In fact, it looks a lot like Bernanke's "Plan A" was nothing more than a multi-trillion dollar hail mary predicated on false economic assumptions and fraudulent monetary theories that have never been tested but, to be sure, run egregiously contrary to all known laws of economics.  My friend worked at Lehman before it blew up in 2008.  He commented this morning that the situation on Wall Street feels a lot like it did in the months preceding the Lehman blow-up.  I wonder if Bernanke has Plan B...


  1. Thanks Dave. In part because of your work, I opened a new account. Getting ready. I think the big meltdown is close. http://thecivillibertarian.blogspot.com/2012/10/gold-silver-and-last-battleground.html

  2. Max Keiser talks to a former fraud squad detective, Rowan Bosworth-Davies of Rowans-blog.blogspot.co.uk, about the organized criminal conspiracy and racket happening right now in the City of London and why the police are not allowed to investigate without approval from politicians.


  3. Inflation is already here. Whenever the monetary unit grows faster than the goods/services unit there is inflation. If the monetary unit delta is greater than the product delta, there is inflation.

    What you are seeing is Enron style accounting FRAUD! to keep you in line. These so called economists are well versed in the game of Propaganda. Sadly, most are still fast asleep. I say Fuk'em.

  4. A lot of errors http://www.pimco.com/EN/Video/Pages/VideoChannel.aspx?El-Erian-Secular-Outlook-2012.aspx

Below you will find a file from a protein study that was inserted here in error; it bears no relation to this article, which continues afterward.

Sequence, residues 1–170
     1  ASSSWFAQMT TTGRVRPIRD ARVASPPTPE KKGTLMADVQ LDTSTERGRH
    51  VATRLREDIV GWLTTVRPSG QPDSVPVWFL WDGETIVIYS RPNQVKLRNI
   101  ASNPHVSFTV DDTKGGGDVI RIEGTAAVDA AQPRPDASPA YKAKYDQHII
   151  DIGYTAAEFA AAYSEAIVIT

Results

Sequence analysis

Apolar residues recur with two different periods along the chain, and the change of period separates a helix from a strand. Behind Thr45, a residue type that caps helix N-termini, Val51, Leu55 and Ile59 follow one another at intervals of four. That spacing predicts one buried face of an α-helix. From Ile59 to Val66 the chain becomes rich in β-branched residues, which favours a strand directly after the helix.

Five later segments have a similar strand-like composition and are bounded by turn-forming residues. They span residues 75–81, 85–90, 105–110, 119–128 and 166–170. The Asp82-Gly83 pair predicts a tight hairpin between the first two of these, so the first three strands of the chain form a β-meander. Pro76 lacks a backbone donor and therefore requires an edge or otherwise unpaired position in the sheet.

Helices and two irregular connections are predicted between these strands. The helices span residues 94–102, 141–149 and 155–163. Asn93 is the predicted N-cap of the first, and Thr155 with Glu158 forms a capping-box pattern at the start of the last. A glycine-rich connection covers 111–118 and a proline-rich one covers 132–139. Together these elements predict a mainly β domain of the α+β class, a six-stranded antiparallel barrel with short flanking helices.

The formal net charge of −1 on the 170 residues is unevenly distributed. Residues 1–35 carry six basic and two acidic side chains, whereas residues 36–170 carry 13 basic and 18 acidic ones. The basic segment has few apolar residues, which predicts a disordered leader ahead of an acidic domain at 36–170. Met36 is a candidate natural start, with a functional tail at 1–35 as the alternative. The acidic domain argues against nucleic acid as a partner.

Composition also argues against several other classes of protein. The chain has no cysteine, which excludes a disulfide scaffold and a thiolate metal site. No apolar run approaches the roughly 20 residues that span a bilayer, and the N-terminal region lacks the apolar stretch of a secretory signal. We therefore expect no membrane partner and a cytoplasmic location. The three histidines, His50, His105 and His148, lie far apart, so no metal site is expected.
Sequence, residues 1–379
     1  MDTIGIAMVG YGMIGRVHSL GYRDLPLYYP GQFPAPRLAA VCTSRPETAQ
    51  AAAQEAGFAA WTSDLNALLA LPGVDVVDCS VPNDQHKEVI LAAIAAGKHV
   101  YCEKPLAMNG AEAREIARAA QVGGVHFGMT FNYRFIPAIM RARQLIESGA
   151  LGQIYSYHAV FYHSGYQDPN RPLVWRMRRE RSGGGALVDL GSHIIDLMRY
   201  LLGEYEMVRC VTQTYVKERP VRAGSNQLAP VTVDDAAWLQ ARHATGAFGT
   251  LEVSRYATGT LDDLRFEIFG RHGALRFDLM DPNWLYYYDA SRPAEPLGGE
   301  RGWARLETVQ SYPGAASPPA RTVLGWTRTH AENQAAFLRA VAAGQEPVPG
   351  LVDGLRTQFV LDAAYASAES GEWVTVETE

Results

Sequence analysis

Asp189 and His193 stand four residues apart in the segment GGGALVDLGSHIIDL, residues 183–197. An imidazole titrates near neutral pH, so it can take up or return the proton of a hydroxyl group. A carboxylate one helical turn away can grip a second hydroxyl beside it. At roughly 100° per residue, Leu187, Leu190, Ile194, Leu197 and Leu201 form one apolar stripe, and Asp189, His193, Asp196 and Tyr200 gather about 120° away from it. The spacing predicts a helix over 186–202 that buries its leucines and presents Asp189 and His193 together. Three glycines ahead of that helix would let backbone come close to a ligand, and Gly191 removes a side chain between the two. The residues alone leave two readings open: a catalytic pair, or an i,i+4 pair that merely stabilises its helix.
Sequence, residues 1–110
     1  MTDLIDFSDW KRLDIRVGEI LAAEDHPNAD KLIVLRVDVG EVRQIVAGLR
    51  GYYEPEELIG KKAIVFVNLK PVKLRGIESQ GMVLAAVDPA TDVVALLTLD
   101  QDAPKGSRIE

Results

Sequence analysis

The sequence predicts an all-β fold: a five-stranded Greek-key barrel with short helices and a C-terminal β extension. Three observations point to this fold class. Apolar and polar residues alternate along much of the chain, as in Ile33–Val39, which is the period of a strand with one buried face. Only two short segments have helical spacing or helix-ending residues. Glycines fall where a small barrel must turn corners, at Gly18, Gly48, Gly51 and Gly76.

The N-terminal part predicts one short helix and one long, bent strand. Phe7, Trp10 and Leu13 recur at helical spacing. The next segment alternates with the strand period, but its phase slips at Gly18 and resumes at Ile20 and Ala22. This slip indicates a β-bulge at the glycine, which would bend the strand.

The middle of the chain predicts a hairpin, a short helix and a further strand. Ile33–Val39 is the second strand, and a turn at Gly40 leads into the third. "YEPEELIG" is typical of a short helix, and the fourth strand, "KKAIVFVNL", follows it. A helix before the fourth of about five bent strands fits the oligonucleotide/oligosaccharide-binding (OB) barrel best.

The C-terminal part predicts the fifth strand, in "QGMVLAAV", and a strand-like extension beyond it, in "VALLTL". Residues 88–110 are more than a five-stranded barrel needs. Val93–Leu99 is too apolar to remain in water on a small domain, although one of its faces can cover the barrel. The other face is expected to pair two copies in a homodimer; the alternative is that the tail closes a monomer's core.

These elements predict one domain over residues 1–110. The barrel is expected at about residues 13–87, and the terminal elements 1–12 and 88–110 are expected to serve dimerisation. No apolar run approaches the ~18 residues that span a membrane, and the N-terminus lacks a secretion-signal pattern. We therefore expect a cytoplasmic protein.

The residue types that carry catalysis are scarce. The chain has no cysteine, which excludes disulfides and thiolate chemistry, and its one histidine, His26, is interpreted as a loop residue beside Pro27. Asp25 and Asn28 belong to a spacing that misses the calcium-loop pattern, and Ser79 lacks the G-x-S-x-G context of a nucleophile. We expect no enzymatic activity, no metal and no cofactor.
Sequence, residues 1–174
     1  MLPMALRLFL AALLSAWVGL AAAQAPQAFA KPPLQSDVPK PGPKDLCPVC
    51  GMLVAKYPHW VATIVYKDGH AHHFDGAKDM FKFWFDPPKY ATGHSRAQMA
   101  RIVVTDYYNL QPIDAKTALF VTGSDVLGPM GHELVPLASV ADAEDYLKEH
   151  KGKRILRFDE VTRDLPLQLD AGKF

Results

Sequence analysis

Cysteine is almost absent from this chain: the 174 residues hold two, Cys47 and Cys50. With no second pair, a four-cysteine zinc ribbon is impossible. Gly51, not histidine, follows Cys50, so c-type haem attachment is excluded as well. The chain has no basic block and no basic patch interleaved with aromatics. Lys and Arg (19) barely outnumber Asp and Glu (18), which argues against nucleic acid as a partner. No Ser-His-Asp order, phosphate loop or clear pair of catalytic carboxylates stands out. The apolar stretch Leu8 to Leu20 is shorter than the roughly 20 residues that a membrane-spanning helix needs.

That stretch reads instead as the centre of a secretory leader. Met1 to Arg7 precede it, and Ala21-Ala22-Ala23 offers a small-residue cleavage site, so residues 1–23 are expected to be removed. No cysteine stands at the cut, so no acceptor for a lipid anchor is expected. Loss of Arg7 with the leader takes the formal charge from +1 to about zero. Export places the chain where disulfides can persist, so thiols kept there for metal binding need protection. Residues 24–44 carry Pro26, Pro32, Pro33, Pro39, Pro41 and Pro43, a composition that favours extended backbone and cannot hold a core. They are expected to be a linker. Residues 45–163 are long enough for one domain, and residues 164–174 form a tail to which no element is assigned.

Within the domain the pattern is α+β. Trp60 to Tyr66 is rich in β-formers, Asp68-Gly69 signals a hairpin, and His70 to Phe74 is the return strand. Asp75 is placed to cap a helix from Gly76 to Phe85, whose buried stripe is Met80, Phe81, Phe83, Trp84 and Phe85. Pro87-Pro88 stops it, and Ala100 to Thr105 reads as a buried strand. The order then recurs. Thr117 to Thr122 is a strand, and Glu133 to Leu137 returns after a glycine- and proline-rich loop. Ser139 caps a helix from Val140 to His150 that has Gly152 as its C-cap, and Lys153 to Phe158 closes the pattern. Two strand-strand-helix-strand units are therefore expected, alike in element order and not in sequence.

Il Folletto

  5. Amazing and inspiring comeback last night! Watched the whole thing.

  6. Most pawn brokers do not entertain post-sale complaints, or requests for refunds.

  7. That the global economy is tap dancing on the edge of a razor blade, and has been for some time, would be putting things lightly. Charlie Foxtrot, indeed. Thank you, Dave, for the time and effort you put into this blog in keeping we your readers informed. It is appreciated. And thanks to the anonymous poster who provided the link the the keiser report (max is a bit of a nut-job, but he's spot on). I had no idea until now that the City of London was just as big a cesspool as is Wall Street. Sodom, meet Gomorrah.

  8. Corruption Continues Virtually Unchecked in Greece

    While Athens waits for more aid from the European Union, the country continues to be administered in the same old careless manner. Corrupt politicians and the rich continue to help themselves to Greece's funds, and little is being done about it.

    How can someone who has declared an annual income of €25,000 ($32,400) transfer €52 million abroad? What kind of supplementary income must an individual have who, according to his tax returns, earned €5,588 in 2010, yet still managed to move €19.8 million abroad? And how can it be that a Greek citizen sequesters €9.7 million abroad although he supposedly earned exactly zero euros?
    These are the questions that tax fraud investigators will have to ask of a number of individuals whose identity has so far only been made public in the form of initials. For instance, a "G. D." stands at the top of a list with the names of 54,000 Greek citizens who relocated major assets abroad between 2009 and 2011. The list stems from the Greek central bank and is now in the hands of the Finance Ministry.

    It is the longest of four lists that are currently circulating in Athens. Each contains the names of people whose financial circumstances -- bank balances and real estate holdings -- do not correspond at all with what they claimed on their tax returns. But hardly anything is being done about it. The Greek reality is sometimes paradoxical: While the governing coalition was busy squabbling with international creditors over how many hundreds of euros can still be trimmed from teachers' and nurses' paychecks, and Athens continued slashing employee pensions, wealthy Greeks moved billions abroad with relative impunity.